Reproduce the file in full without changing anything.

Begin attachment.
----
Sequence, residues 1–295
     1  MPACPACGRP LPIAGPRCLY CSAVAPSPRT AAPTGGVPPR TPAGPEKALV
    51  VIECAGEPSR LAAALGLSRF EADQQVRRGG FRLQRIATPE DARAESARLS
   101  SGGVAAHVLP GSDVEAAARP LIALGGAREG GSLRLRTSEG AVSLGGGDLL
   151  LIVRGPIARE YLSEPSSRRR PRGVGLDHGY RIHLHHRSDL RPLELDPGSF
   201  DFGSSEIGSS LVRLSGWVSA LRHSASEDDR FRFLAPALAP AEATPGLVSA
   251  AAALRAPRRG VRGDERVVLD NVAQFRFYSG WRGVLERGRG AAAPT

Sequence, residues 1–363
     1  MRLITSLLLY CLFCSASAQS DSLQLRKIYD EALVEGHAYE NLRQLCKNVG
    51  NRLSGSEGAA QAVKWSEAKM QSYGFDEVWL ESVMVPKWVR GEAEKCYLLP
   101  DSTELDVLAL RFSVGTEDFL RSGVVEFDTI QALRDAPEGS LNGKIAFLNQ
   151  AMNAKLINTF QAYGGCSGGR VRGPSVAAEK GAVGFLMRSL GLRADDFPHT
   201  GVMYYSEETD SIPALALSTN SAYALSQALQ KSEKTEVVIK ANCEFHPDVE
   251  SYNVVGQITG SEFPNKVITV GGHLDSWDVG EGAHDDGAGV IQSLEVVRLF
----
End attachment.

Sequence, residues 1–295
     1  MPACPACGRP LPIAGPRCLY CSAVAPSPRT AAPTGGVPPR TPAGPEKALV
    51  VIECAGEPSR LAAALGLSRF EADQQVRRGG FRLQRIATPE DARAESARLS
   101  SGGVAAHVLP GSDVEAAARP LIALGGAREG GSLRLRTSEG AVSLGGGDLL
   151  LIVRGPIARE YLSEPSSRRR PRGVGLDHGY RIHLHHRSDL RPLELDPGSF
   201  DFGSSEIGSS LVRLSGWVSA LRHSASEDDR FRFLAPALAP AEATPGLVSA
   251  AAALRAPRRG VRGDERVVLD NVAQFRFYSG WRGVLERGRG AAAPT

Sequence, residues 1–363
     1  MRLITSLLLY CLFCSASAQS DSLQLRKIYD EALVEGHAYE NLRQLCKNVG
    51  NRLSGSEGAA QAVKWSEAKM QSYGFDEVWL ESVMVPKWVR GEAEKCYLLP
   101  DSTELDVLAL RFSVGTEDFL RSGVVEFDTI QALRDAPEGS LNGKIAFLNQ
   151  AMNAKLINTF QAYGGCSGGR VRGPSVAAEK GAVGFLMRSL GLRADDFPHT
   201  GVMYYSEETD SIPALALSTN SAYALSQALQ KSEKTEVVIK ANCEFHPDVE
   251  SYNVVGQITG SEFPNKVITV GGHLDSWDVG EGAHDDGAGV IQSLEVVRLF